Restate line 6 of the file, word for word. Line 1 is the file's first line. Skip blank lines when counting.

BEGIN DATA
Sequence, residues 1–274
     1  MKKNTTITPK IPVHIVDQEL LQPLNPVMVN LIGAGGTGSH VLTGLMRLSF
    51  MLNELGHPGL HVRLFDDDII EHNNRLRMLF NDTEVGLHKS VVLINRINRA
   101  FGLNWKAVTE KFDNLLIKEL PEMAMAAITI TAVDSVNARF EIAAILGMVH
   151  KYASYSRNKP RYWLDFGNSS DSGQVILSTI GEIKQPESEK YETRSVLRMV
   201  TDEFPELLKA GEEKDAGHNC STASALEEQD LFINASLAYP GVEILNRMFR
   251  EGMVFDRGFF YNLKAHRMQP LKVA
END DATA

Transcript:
   201  TDEFPELLKA GEEKDAGHNC STASALEEQD LFINASLAYP GVEILNRMFR